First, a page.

Buffs Coaches Like Progress Of O-Line, OLBs
BOULDER — As the Colorado Buffaloes near the end of their spring session, just about every position on the field is missing a player or two because of injury.
But no position group has been hit as hard as the offensive line. With four practices remaining, the Buffs are down to one scholarship player at left tackle, a couple of reserves to fortify other spots — and that's it.
"This spring has kind of been a continuation of what we faced all year long during (last) season," O-line coach Mitch Rodrigue told the media after Wednesday's practice. "We have so many injuries from last season, compounded by the injuries that we've had in the spring, we're just real thin. We've been having to play musical chairs, which is not really good for anyone because you don't build any continuity."
The Buffs should get some of those injured players back by the time summer drills begin, and they will also be seeing a handful of new faces report.
But meanwhile, it means lots of reps for the players who are present and healthy.
"We've been fighting through it and it's giving us an opportunity to play people at different positions," Rodrigue said. "That's been the positive."
Rodrigue does like what he has seen from the players he's had available, beginning with senior left guard Kary Kutsch and junior center Colby Pursell. Both have plenty of starting experience, and they've used their time this spring to develop a solid inside presence up front.
Pursell, who has battled injuries for much of his career, has had a "fantastic spring," according to Rodrigue.
"He and Kary have really solidified the middle of that front," Rodrigue said. "He's had a great spring and hasn't missed a rep, which is different for him. He has really done well in the weight room with our new strength coach (Shannon Turley) and has built some confidence. He has done an outstanding job, both he and Kary."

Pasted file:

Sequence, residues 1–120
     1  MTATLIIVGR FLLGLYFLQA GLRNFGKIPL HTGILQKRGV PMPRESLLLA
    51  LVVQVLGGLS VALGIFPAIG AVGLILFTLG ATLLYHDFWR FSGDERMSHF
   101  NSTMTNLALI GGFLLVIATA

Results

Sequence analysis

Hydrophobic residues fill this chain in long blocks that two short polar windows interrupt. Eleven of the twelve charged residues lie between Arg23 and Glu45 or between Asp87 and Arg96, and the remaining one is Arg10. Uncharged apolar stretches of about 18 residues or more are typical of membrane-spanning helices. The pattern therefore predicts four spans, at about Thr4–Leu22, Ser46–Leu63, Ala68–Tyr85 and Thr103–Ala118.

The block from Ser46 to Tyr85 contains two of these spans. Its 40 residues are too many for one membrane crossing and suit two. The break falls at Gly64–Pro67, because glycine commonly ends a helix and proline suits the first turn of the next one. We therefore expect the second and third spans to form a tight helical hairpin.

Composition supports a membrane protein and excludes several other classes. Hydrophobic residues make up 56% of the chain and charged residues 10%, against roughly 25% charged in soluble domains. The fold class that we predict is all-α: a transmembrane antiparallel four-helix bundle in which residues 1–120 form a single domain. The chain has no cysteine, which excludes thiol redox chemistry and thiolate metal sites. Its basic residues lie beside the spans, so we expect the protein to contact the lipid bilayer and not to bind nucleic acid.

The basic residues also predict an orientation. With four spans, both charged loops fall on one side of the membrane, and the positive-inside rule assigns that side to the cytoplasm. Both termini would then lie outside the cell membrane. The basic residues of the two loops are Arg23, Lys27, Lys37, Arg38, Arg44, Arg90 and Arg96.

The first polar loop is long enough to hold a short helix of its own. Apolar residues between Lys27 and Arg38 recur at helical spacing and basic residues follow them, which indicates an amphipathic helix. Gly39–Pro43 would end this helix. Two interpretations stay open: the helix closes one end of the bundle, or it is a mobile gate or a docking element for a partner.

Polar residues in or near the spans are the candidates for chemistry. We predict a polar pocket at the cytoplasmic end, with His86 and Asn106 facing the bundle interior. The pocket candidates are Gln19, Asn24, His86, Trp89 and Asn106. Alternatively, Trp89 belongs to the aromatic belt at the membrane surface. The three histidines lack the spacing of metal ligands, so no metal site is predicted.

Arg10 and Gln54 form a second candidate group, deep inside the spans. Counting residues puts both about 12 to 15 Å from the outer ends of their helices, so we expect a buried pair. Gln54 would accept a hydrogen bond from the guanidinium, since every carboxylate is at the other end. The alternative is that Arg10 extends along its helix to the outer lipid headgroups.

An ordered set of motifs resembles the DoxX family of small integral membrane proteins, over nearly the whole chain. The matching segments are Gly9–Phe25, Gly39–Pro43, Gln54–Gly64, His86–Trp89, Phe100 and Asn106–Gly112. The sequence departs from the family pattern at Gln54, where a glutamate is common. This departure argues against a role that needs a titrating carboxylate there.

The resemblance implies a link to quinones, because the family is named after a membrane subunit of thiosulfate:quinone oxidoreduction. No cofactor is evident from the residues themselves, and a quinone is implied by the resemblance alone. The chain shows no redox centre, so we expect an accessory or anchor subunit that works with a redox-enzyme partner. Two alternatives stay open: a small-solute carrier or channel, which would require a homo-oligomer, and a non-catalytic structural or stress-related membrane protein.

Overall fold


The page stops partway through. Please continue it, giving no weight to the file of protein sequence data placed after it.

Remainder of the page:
Kutsch, who is taking advantage of the "free" year of eligibility granted by the NCAA because of the Covid pandemic, is spending almost all of his time at guard. Last season, with Pursell out, he bounced back and forth between guard and center.
"Kary's a quiet warrior," Rodrigue said. "He doesn't vocalize his leadership, but he does exhibit it through his play. Every day he comes to work, he has his lunch pail and he does his job and he does it quietly. He's had a fantastic spring. For him to be allowed to stay at one position and get good at it, that has meant the world to him."
The Buffs started the spring with Frank Fillip at left tackle. But after Fillip recently went down with an injury, it has meant plenty of reps for freshman Gerad Christian-Lichtenhan.
"Frank had done a really good job throughout the course of the spring in pass protection, run protection, his knowledge of the position was really good, and he was getting better," Rodrigue said. "It was unfortunate that he had (the injury). But he did get some good work there and he showed us he can handle the left tackle position, there's no doubt about it."
Now, the Buffs are getting a good look at Christian-Lichtenhan, who at 6-foot-10, 330 pounds, is the tallest Buff in CU football history. While raw, he's a developing talent.